AfDB President, Akinwumi Adesina

 

In this interview with Nigerian journalists on the sidelines of the
World Bank/International Monetary Fund annual meetings in the United
States of America, the President of the African Development Bank, Dr.
Akinwumi Adesina, talks about how women and youths to excel in their
enterprises. Excerpts:


What's AfDB doing to support women?

We are supporting women. I think when Africa gets the issue of women's
rights, it will get everything right. And so there is the issue of
access of women to financing that we provide through Affirmative
Finance Action for Women in Africa (AFAWA). This will help to mobilize
$3 billion for businesses for women on the continent.

The other one is that we actually supported another fund which is
called the Alethia Identity Fund, which has just closed at $75 million
and that is to support growth capital for the businesses for women. So
in other words, the small, medium and large businesses for women are
what we are supporting. Finally, I will like to see financial
institutions in Africa being held fully accountable when it comes to
financing women.

And so the bank will be launching what we call the Women Financing
Index for Africa in which all financial institutions in Africa will be
rated based on their lending to women. So, both in terms of the volume
of lending, in terms of the terms of lending and in terms of the
development impact of their lending for women. So, those who lend more
to women will get more resources from us at a discounted rate from us,
so you can lend more and have more impact for women.

So, we are focused massively on how we can drive investments for
women. That’s a big issue for us, just to give you an update on that.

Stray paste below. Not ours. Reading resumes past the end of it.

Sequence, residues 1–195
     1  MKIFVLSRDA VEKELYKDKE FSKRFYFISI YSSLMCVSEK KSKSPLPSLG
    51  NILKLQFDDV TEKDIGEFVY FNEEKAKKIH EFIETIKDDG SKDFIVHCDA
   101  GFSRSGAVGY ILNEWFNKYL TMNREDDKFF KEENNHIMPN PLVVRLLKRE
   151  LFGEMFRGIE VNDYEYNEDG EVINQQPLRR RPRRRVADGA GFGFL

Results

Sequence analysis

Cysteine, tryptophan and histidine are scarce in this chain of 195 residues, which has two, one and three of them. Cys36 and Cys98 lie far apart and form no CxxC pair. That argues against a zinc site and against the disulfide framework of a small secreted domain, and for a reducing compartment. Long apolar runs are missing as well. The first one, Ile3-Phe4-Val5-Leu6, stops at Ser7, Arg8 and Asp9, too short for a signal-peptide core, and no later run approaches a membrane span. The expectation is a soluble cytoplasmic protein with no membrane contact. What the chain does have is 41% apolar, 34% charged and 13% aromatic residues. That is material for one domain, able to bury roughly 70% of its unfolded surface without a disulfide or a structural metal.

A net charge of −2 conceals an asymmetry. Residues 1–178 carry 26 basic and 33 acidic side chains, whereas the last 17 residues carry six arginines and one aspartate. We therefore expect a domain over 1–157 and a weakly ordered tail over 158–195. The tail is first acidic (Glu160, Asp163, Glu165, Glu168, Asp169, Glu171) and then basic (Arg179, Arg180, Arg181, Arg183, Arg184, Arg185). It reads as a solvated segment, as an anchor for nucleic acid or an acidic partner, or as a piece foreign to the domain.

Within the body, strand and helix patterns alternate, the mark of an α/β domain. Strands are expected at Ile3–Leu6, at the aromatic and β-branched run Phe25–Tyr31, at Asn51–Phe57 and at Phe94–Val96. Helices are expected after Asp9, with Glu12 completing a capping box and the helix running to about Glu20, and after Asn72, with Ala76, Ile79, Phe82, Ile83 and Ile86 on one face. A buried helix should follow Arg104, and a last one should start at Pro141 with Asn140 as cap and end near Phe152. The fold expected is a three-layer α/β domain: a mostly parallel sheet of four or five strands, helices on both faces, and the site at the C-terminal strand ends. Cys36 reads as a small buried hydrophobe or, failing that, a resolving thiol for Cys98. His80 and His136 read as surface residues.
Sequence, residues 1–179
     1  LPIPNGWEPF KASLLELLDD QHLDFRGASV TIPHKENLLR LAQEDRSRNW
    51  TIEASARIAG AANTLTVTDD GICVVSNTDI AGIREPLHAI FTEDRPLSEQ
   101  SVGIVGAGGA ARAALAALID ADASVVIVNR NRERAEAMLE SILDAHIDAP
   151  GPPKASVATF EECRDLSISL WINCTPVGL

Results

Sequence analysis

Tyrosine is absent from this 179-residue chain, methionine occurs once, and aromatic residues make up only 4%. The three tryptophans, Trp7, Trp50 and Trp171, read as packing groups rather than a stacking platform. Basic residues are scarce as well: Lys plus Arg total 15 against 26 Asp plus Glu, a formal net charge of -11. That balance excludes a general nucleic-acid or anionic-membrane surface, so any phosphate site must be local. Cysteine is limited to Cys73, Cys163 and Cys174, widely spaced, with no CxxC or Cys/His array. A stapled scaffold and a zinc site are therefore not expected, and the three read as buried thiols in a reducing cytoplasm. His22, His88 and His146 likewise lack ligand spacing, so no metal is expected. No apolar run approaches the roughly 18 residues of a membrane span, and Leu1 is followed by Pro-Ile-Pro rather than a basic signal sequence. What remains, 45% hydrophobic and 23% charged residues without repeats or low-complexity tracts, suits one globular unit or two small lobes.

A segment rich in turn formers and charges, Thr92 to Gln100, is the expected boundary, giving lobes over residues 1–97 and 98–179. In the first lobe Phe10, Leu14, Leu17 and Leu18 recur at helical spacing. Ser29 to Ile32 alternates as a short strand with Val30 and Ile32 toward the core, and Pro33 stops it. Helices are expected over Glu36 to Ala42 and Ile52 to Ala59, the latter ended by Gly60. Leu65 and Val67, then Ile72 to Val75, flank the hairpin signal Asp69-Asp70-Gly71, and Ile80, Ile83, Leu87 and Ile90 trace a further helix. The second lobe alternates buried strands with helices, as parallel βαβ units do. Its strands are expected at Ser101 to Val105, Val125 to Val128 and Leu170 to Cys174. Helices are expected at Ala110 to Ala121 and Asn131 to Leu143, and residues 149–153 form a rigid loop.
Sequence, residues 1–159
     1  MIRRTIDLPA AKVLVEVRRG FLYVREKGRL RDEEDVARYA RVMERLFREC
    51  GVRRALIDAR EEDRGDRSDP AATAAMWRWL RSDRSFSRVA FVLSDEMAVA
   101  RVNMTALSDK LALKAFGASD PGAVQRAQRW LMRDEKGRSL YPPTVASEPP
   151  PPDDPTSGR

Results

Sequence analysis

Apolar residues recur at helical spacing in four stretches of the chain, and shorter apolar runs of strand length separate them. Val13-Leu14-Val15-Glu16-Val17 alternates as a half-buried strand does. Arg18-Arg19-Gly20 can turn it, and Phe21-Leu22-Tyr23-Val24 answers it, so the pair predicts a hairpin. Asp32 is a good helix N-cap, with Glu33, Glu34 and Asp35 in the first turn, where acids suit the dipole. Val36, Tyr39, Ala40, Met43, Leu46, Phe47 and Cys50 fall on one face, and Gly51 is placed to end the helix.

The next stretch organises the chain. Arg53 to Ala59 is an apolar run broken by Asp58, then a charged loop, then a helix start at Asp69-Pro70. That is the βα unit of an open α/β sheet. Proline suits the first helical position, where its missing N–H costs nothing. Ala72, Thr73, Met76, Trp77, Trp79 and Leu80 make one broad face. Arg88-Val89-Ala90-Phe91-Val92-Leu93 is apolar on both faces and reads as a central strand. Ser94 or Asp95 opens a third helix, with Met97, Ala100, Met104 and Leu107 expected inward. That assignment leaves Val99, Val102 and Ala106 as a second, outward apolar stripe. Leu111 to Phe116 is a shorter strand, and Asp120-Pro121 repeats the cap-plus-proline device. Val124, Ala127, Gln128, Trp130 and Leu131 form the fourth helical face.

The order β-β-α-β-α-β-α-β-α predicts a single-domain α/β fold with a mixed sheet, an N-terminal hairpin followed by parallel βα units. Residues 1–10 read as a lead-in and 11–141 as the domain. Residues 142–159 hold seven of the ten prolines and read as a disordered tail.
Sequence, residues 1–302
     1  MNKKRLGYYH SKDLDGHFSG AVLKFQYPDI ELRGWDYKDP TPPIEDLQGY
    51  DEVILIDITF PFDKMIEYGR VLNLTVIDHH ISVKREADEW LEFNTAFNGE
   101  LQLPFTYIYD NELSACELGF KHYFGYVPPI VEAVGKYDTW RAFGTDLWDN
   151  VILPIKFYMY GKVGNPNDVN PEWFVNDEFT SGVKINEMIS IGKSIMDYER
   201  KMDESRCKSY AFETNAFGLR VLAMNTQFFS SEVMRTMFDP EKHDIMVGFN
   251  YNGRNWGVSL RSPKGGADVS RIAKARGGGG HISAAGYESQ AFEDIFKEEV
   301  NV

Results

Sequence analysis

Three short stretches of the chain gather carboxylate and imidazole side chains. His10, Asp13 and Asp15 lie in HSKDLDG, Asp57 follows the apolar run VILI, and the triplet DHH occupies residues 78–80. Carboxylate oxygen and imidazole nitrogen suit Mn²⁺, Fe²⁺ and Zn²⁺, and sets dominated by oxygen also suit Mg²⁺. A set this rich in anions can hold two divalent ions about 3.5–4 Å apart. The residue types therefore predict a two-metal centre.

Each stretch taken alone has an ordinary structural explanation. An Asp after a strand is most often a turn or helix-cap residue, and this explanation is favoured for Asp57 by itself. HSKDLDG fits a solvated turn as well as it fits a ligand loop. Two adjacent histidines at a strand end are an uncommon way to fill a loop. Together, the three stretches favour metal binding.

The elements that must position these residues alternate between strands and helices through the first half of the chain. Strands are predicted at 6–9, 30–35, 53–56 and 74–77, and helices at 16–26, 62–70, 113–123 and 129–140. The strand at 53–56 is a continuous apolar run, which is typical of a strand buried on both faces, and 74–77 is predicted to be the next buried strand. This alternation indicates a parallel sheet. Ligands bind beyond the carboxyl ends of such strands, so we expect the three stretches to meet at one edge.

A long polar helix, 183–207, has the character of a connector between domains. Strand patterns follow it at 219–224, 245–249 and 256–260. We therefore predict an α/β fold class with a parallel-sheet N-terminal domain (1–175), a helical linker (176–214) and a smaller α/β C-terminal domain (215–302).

We raised $251 million from the G7 leaders when I was in Biarritz with
President Macron. It was great.

Can you elaborate on the Green Capital thing that the Africa
Development Bank launched recently? What is it about?


Let me just say more generally as a bigger issue, when it comes to
driving green growth on the continent. I believe that achieving green
growth on the continent is not an externally imposed issue, it is in
Africa’s interest to actually have green growth, to have clean air,
clean water and to grow in an environment where people have a good
quality of life.

And so, you can have GDP growth but if you are having GDP growth in
which it’s occurring huge amount of emissions, pollution of water, of
air, it’s not improving the life of anybody. So, anybody telling me in
any part of the world that my GDP is growing, that is not my concern.
My question is: is at what cost? What does it mean for the lives of
people?

So, for us at the bank, we are very big on renewable energy. Today, we
have doubled climate finance as an institution from $12 billion to $25
billion by 2025. Secondly, about 50 percent of our climate financing
is on climate adaptation. Because you see a lot of droughts, you see a
lot of floods, you see all of these extreme weather patterns that are
happening. So, we are actually doing a lot of that to support
countries to adapt to climate change.

The other thing, of course, is that we have just launched an
initiative which is called Desert to Power, meant to provide universal
access to electricity all across the 11 countries in the Sahelian Zone
of West and Central Africa.

The Sahelian Zone has the least access to electricity, but it also has
the highest problems in terms of migration towards Europe. It also has